Attack of the Killer Tomatoes (1978)

Posted: February 14, 2016 in Movie Review
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Attack of the Killer Tomatoes (1978)

Director: John DeBello

Starring: David Miller, George Wilson, Sharon Taylor, Jack Riley

In watching a couple of Troma movies last month, I was reminded of a tamer but still bizarre low-budget comedy called “Attack of the Killer Tomatoes,” which I’d seen twice before but has since been gathering dust on my DVD shelf. Both begin with the most absurd premises imaginable. Both aim for humor that is decidedly juvenile. However, the comparison pretty much dies right there. The differences begin with the definition of the word “juvenile.” Films under the Troma banner are notorious for their reliance on over-the-top violence, sexual innuendo (minus the innuendo) and bathroom-related jokes. “Attack of the Killer Tomatoes,” having no relation at all with Troma or the creative minds therein, goes for the complete opposite extreme. This movie mostly contains humor that might have worked best when I was a child.

The best thing about “Attack of the Killer Tomatoes” by far is its main title theme. This approximately two-minute song is genuinely hilarious. It also immediately follows a well done prologue scene where a tomato makes its way up through a garbage disposal and kills an unsuspecting young woman. So far so good. Later, it’s discovered that there’s been a rash of reports citing sentient tomatoes attacking and killing humans. One such incident occurs when a bunch of tomatoes take to the water to pursue a group of swimmers. In this case, I don’t mind the obvious “Jaws” parody, complete with the “Jaws” theme. For some reason, “Jaws” parodies never seem to get old.

To combat the tomato problem, the President assembles a team of specialists so thoroughly unremarkable that he’ll probably lose a few percentage points in his approval rating. The team leader is Mason Dixon (David Miller), who can best be described as what you’d get if John Belushi dialed down his insanity volume to zero. Joining him in the fight are parachutist Wilbur Finletter (Stephen Peace), “expert” disguise artist Sam Smith (Gary Smith), Olympic swimmer Gretta Attenbaum (Benita Barton) and deep sea diver Greg Colburn (a character so thoroughly unimportant I had to look up his name to remember it). Eventually, Gretta is attacked and eaten by tomatoes, not that she’d been much help either. In fact, it’s hard to say that any of Dixon’s assistants really contribute much other than demonstrating sheer incompetence. Sam Smith’s biggest accomplishment is infiltrating the tomatoes’ camp only to reveal himself by asking for some ketchup.

As if Dixon hasn’t got enough problems, he’s also got an assassin tracking him down. This later turns out to be U.S. Press Secretary Jim Richardson (George Wilson), who plans to take over what remains of the world. He is not necessarily behind the creation of the mutated tomatoes, but he claims to be able to exert some sort of control over them. There’s also a subplot with a reporter named Lois Fairchild, on a mission to get a story that should make her career. It’s made blatantly clear that the character is meant to be a spoof of Lois Lane, Superman’s love interest. In fact, it almost seems to be a spoof of the Margot Kidder version of the character. I don’t know how that’s even possible, though, as 1978’s “Superman” was released two months AFTER this movie.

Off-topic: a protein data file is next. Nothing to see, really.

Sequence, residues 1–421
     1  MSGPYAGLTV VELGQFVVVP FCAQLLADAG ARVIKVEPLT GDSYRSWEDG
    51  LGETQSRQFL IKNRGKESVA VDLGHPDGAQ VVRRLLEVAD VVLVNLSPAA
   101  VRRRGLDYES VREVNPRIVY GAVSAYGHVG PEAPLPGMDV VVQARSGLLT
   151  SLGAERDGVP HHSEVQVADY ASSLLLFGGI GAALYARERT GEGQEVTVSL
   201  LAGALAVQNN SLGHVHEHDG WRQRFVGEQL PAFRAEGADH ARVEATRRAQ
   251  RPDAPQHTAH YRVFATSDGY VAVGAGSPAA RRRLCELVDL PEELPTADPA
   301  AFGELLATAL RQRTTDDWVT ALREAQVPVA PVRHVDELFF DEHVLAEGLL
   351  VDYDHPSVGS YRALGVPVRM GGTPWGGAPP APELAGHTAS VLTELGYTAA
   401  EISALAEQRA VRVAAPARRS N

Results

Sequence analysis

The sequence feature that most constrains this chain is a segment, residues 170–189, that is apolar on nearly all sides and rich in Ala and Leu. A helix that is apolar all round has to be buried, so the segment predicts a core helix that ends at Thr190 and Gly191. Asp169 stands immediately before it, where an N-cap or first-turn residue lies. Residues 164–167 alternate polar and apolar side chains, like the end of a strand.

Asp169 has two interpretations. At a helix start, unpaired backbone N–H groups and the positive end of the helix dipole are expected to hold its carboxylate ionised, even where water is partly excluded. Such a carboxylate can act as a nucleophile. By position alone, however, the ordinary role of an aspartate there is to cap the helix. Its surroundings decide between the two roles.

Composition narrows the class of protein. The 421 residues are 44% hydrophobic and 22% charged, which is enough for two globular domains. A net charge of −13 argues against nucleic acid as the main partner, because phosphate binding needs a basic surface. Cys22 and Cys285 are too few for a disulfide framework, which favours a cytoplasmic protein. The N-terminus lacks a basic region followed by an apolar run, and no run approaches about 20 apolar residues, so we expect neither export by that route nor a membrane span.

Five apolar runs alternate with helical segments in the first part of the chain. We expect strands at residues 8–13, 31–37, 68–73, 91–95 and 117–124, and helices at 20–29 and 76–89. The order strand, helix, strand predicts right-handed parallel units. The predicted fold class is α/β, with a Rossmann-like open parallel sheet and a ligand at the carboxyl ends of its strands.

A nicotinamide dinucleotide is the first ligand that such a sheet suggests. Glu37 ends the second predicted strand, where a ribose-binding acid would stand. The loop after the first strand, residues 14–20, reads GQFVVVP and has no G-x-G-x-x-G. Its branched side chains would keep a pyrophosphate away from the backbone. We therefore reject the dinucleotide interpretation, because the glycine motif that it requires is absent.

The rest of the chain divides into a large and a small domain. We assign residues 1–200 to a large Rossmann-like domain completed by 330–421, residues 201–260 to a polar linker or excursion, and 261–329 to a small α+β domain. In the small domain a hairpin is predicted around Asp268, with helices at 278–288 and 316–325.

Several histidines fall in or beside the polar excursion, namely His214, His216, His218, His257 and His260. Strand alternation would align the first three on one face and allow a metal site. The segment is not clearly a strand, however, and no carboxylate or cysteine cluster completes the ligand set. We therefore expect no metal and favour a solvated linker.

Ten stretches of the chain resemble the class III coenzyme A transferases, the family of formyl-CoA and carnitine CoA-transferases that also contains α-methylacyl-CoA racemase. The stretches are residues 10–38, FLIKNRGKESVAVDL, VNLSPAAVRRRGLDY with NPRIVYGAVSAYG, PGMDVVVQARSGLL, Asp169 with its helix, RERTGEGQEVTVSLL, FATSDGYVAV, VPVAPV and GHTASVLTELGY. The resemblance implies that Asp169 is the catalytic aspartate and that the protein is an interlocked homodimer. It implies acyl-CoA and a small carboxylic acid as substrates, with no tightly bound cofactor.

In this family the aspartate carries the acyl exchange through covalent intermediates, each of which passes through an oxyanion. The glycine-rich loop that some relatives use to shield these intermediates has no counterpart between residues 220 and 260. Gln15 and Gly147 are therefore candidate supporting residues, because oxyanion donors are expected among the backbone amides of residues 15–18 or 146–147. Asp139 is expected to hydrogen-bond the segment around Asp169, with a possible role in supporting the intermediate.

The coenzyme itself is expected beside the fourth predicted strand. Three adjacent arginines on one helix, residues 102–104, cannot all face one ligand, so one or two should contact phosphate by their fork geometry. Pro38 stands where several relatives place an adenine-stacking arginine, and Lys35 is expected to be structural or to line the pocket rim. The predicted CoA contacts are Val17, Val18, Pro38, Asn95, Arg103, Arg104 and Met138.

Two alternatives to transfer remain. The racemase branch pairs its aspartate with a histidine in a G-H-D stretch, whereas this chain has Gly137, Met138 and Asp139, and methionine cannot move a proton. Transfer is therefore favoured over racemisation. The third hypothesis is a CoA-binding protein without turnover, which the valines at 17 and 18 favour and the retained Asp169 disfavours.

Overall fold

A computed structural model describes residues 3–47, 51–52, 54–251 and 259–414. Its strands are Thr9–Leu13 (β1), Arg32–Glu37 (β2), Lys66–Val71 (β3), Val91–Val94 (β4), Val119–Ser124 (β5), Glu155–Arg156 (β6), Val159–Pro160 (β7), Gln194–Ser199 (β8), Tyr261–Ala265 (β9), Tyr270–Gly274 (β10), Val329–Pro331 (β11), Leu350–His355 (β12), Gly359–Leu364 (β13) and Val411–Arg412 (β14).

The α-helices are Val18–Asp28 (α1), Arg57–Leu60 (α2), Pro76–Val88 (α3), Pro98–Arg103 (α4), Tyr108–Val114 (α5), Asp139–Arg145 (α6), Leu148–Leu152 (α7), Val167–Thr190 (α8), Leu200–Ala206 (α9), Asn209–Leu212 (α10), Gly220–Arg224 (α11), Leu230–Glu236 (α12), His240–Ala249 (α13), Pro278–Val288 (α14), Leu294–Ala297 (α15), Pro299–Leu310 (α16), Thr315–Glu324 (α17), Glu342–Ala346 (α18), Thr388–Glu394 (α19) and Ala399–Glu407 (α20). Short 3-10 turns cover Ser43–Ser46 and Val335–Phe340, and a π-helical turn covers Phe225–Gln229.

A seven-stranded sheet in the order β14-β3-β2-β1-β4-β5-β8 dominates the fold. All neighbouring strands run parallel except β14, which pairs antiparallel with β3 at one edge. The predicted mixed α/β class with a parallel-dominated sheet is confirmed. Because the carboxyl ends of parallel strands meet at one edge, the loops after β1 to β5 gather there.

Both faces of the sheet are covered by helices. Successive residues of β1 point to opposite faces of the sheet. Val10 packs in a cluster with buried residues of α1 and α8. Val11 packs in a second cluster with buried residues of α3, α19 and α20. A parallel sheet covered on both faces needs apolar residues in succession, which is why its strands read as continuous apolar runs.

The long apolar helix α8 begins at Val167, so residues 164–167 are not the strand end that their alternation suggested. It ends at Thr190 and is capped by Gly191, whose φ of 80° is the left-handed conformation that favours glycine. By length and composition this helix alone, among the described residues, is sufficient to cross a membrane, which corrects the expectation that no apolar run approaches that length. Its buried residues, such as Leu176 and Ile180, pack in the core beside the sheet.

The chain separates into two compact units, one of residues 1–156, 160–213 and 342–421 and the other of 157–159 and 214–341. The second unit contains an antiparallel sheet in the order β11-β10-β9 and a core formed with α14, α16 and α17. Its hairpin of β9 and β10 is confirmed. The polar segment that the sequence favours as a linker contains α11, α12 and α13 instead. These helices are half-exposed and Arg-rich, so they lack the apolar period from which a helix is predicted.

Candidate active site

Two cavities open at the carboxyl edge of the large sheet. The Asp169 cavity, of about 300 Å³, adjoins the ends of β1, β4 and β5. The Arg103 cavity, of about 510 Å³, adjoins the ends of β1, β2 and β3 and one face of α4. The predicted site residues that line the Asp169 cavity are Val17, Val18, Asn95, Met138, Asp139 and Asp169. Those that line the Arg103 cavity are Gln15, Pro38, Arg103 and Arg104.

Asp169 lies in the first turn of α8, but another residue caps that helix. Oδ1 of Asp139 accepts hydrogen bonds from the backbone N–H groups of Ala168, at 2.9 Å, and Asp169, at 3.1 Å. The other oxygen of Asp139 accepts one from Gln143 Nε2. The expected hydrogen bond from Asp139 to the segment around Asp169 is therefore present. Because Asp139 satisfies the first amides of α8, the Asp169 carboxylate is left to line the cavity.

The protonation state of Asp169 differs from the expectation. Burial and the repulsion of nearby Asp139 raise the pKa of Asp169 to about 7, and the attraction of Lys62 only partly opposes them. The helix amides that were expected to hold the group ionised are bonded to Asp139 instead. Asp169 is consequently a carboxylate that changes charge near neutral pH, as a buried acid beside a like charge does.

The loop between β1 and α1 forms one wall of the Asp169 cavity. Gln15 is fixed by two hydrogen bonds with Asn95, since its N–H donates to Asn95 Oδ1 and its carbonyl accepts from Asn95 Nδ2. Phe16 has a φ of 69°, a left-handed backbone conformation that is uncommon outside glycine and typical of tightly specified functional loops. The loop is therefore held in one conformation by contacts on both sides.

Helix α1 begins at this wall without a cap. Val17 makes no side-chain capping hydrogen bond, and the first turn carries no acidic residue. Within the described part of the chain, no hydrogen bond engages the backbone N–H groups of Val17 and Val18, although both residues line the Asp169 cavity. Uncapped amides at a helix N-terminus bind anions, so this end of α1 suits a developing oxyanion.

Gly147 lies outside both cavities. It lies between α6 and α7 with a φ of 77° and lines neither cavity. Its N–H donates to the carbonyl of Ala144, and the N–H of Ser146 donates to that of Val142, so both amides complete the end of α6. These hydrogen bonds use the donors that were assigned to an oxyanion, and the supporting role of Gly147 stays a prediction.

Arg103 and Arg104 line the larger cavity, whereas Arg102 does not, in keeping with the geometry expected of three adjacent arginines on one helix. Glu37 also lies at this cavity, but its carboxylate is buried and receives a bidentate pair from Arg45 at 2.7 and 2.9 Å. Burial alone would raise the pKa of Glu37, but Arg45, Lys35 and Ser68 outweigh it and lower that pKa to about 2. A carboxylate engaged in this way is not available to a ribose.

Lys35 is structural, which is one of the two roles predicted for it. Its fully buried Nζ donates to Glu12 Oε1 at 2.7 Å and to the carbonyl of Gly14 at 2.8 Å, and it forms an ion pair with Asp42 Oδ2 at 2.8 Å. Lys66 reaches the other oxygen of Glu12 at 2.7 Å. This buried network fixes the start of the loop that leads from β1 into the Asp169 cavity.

The tomatoes should be able to win this battle rather easily. Even our armed forces aren’t enough to beat them back. The one thing no one could have anticipated (but you’ll be able to predict if you’ve seen “Mars Attacks!”) is that the tomatoes’ one weakness is bad pop music… specifically a song called “Puberty Love.” Think Justin Bieber’s “Baby,” sung a capella, and you’ve got the basic idea. Providing the shrill vocals for “Puberty Love” is a then-teenaged Matt Cameron, who is more well-known in the music world as the drummer for both Soundgarden and (since 1998) Pearl Jam.

The main flaw of “Attack of the Killer Tomatoes” …and it’s pretty much a fatal one… is that it’s not half as funny as it wants to be. Its best moments come when it relies not on the ‘one-joke premise’ of the tomato invasion, but when its low budget allows for some unintended laughs. There’s the giant tomato which is clearly moving thanks to a wooden board on wheels. There’s the tiny conference room where everyone is constantly crawling over one another just to get to their seat. It’s the funniest meeting place in a movie since the War Room from “Dr. Strangelove.” Best of all is the helicopter crash. It’s the real deal, captured in all its accidental glory. Thankfully no one was either seriously hurt or killed in the process. Otherwise, you have a thoroughly unremarkable cast of characters tied to a plot so slowly paced that the musical numbers (yes, plural) seem there to distract from the fact that they’ve run out of jokes.

All three times I’ve seen this movie, I’ve fallen asleep at about the midway point. “Attack of the Killer Tomatoes” is a bad B-movie spoof of even worse B-movies from the 1950’s. Yet, it is popular enough that there are three sequels, and there even existed a short-lived cartoon series (which served as my introduction to the franchise). From here, the only direction the “Killer Tomatoes” series could possibly have gone was up, but it would be ten years before anyone knew for sure. If you were going just by what is presented here, you’d find yourself wondering why they would even bother.


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